By: Rachel Stern/The Local Germany
What is a happy day for you? To find the best answers, dance teacher Karina Sillmann began asking the children, ages 7-12, in her class in Aschaffenburg near Frankfurt.
Even over the holidays, amid the gift-giving and glittering Christmas markets, happiness for them boiled down to the immaterial. One girl said her most joyful day was baking cookies with her mom. For others it was simply spending time with their sister, brother, parents or anyone they love.
“I like the honesty that children have and I was curious of their answers,” said Sillmann, who began collecting their answers in the form of letters. “It shows that the simple things make us happy.”
An avid world traveller, Sillmann sought to hear what happiness is for children around the world – from Bolivia to Thailand. In February, she started Children’s Happy Days project, and through the blog and connections in other countries, began asking for letters from around the globe.
Sillmann has now received 52 letters from 16 different countries, and responds to each of them personally – sometimes through the help of friends who can translate, as was the case when she received a letter from a boy in Thailand.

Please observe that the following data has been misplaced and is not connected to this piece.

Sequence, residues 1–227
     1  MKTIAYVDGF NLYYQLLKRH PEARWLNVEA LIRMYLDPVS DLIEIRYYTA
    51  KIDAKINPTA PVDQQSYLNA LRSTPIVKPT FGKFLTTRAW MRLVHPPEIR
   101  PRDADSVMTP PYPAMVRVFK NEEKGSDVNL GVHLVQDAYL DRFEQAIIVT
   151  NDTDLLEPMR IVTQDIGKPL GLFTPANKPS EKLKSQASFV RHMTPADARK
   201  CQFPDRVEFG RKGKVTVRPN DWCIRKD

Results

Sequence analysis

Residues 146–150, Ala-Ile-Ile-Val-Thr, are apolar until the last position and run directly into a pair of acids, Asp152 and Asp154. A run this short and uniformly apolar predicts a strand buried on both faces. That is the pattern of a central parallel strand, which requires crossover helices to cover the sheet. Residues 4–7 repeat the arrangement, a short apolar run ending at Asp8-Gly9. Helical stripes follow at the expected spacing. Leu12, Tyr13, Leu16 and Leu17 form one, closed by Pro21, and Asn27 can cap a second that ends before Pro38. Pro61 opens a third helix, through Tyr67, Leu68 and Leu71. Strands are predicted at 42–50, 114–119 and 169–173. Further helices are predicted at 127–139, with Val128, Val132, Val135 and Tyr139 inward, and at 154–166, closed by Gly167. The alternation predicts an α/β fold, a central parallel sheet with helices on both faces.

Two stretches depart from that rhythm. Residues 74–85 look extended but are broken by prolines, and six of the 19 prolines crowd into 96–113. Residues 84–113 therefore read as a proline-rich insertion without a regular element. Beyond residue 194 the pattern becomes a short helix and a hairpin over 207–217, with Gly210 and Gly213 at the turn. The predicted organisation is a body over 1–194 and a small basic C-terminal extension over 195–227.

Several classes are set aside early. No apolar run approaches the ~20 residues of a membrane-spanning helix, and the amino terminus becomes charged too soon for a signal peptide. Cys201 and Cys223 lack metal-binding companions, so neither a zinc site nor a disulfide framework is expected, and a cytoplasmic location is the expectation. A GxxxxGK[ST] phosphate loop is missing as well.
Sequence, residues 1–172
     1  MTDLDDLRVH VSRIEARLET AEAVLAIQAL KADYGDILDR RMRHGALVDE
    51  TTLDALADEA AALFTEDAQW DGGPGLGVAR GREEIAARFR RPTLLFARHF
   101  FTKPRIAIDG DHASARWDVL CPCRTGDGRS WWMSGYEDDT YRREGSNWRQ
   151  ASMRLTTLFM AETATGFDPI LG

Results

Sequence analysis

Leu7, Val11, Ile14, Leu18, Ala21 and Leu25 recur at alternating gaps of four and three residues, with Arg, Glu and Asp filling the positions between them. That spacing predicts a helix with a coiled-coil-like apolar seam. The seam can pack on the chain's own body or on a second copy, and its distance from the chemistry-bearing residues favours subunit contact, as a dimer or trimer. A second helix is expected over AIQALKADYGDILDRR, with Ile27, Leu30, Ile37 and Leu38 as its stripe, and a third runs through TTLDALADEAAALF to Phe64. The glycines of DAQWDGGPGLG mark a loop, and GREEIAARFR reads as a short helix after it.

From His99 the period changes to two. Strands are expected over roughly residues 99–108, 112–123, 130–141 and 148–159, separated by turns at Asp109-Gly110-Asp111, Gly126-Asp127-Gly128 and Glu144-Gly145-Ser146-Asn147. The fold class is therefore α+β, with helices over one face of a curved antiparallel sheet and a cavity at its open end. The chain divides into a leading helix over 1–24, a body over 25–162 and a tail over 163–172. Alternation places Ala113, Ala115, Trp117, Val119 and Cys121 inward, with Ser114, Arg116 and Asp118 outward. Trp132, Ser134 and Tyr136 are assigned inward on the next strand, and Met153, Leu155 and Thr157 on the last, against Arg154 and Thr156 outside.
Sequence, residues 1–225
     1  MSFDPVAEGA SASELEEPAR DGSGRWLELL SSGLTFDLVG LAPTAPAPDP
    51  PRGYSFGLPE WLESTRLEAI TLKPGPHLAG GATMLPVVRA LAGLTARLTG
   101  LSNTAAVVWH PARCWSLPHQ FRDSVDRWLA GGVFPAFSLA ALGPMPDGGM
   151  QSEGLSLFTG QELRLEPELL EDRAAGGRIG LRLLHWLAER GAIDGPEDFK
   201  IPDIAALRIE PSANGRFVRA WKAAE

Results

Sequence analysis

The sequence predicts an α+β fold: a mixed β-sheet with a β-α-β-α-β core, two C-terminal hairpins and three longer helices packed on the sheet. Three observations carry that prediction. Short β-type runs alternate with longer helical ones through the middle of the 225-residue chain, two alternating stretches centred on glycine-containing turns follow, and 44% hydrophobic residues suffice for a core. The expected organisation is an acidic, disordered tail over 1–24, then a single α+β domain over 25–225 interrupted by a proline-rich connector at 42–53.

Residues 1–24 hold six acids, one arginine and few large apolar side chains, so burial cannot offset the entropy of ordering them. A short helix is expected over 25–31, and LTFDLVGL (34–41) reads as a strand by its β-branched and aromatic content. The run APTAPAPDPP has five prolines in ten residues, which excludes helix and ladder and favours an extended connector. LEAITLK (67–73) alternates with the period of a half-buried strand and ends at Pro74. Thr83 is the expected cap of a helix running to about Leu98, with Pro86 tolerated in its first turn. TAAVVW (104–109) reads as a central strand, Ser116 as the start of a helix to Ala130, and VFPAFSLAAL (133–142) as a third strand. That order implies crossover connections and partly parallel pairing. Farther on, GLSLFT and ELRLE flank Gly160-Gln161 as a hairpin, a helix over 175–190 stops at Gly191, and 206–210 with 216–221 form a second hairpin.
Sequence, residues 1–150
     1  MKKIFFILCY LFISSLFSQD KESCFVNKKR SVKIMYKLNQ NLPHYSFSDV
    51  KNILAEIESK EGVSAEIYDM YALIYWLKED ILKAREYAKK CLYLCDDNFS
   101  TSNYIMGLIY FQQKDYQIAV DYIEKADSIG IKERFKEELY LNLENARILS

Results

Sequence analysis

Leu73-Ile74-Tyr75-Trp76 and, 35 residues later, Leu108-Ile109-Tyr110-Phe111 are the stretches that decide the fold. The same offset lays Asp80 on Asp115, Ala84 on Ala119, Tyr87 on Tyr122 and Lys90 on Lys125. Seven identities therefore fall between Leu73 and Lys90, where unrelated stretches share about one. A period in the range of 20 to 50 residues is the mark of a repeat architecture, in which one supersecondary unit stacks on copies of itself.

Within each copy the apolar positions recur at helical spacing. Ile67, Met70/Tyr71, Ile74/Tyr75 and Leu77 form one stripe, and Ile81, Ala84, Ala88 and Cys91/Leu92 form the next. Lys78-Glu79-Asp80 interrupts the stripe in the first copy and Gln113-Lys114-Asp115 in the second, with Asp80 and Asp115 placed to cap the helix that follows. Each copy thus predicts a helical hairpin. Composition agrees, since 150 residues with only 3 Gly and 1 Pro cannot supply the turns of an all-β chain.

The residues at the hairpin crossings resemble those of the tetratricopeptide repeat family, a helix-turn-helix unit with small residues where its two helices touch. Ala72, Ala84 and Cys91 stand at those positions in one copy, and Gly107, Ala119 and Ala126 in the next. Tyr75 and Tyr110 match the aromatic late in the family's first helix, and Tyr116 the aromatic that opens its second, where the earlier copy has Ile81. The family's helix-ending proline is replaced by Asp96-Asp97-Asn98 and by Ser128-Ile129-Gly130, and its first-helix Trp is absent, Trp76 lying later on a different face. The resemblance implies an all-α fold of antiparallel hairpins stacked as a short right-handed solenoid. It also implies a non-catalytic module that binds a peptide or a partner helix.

She published the letters on her website as a way of reminding people what happiness is when seen from a child’s perspective.
When she travels abroad on holidays, Sillmann also participates in other sports projects with children, be it surfing on the Portuguese coast, or football in the hills of Bolivia.
The dance-enthusiast observed how movement makes children happy – abroad and at back at home. “A happy day to me is a day on which I can dance or do gymnastics. I just feel well then,” wrote a 10-year-old student from her class.
Letter reprint courtesy Karina Sillmann. Photo: DPA
Other non-materialistic experiences that give Sillmann’s students joy are finding a new song to dance to, or inventing their own dance moves, she says.
In general happiness lies in their favourite hobbies such as reading books from a particular writer, playing an instrument or doing sports.
“It’s good to see the world through the eyes of a child,” said Sillmann who continues to collect letters through post. “We often forget what’s important.”
On her website, Sillmann writes letters in five languages, including her German mother-tongue, to request letters from around the world. Photo courtesy: Karina Sillmann